with substance dependence disorders (Balconi et al., 2014; Tanabe et al., 2013; Worbe et al., 2014). Studies using the Iowa gambling task (IGT) have identified decreased task performance in substance-dependent individuals, which may indicate deficits in learning from feedback (Balconi et al., 2014; Tanabe et al., 2013). While performing the IGT, activation of the ventral striatum (VS) and medial orbitofrontal cortex (OFC) was found to be deceased in substance-dependent individuals compared to healthy subjects, which may be the underlying neuronal mechanism of these deficits in learning from feedback (Tanabe et al., 2013). A study by Worbe et al. (2014) using an anticipatory risk-taking task found that binge drinkers showed a higher number of risky choices in high-risk losses, and the high-risk attitude in the loss condition was associated with greater activity in the dorsal lateral prefrontal cortex (DLPFC), the lateral OFC, and the superior parietal cortices. Failure to utilize feedback has also been identified in individuals with IGD by both behavioral and neuroimaging studies (Dong et al., 2013; Pawlikowski and Brand, 2011; Yao et al., 2014). For instance, a behavioral study by Yao et al. (2014) found that IGD individuals made more disadvantageous choices during the Game of Dice Task compared with healthy controls (HCs) and that individuals with IGD could not utilize feedback to optimize their decision-making and improve their performance. A fMRI study using a continuous wins-and-losses task found that subjects with IGD exhibited enhanced sensitivity to win and decreased sensitivity to loss (Dong et al., 2013). Although preliminary studies have demonstrated that outcomes may affect brain activation during decision-making in individuals with IGD, no previous studies have focused on the effect of different outcomes on the covariance between risk level and brain activation during the risky decision-making processing in individuals with IGD.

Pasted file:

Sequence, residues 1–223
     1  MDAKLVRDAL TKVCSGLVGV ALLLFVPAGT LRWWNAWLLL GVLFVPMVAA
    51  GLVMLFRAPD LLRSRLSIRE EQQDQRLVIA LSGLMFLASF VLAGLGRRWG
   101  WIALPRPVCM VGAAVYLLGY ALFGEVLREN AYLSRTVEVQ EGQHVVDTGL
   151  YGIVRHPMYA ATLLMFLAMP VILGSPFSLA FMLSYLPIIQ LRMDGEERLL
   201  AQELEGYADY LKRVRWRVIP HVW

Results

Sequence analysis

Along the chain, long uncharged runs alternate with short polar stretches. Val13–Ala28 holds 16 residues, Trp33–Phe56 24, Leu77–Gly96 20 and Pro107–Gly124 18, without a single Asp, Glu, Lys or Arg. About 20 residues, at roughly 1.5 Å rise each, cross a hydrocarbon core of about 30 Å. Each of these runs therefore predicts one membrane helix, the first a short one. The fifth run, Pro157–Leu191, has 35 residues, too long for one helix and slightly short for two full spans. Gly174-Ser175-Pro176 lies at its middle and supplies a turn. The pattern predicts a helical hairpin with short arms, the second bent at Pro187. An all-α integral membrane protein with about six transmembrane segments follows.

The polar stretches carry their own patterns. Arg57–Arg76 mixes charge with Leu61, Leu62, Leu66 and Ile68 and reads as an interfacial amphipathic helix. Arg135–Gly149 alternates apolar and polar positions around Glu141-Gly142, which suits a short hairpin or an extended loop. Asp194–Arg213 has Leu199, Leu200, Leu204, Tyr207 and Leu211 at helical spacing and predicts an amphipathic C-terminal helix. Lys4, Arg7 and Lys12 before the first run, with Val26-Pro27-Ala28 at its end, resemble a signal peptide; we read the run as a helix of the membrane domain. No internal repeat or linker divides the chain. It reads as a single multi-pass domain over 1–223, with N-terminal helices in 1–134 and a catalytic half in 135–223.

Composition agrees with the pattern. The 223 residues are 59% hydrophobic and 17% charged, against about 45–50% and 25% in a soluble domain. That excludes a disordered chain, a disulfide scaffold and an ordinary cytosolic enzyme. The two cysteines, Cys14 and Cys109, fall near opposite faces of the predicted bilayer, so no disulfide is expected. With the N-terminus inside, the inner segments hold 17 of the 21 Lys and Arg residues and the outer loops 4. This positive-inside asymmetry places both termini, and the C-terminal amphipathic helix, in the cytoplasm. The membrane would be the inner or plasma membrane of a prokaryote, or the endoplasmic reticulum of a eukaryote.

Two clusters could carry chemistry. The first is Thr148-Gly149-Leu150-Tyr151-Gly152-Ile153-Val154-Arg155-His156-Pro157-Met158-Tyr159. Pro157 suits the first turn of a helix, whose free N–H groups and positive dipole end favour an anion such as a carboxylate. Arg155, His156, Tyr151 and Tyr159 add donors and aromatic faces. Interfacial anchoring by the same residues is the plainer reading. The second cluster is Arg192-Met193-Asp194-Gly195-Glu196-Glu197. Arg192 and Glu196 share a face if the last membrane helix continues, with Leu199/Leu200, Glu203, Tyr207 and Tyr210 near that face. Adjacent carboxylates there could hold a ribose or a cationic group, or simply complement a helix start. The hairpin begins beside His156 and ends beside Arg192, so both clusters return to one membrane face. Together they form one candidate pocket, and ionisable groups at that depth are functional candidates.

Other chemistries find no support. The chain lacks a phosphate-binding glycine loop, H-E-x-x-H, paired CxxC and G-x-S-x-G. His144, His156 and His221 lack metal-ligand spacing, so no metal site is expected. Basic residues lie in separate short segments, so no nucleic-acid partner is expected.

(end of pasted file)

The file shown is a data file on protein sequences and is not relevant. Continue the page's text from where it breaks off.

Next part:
In this study, twenty-four IGD adolescents and 24 HCs were enrolled, and fMRI data were obtained from the participants while performing the Balloon Analog Risk Task (BART) (Lejuez et al., 2002) to investigate the manner in which different outcomes affected the covariance between risk level and brain activation during decision-making processes in adolescents with IGD. The risk level in the BART was represented by the probability of balloon explosion, and task performance depended on to what extent participants learned from different previous outcomes (Kohno et al., 2015; Rao et al., 2014). Thus, the BART may then be adapted to evaluate the effect of previous outcomes on the covari-ance between brain activation and risk level during subsequent risky decision-making processes. Based on the previous studies that the subjects with IGD failed to utilize feedback(Yao et al., 2014) and exhibited different sensitivity to different outcomes (Dong et al., 2013), we hypothesized that different outcomes would cause different effects on the covariance between risk level and brain activation in feedback-related brain regions, mainly including the PFC and striatum in adolescents with IGD. This study may bring new insights into the understanding of the underlying neuronal mechanisms of impaired risky decision-making ability in adolescents with IGD.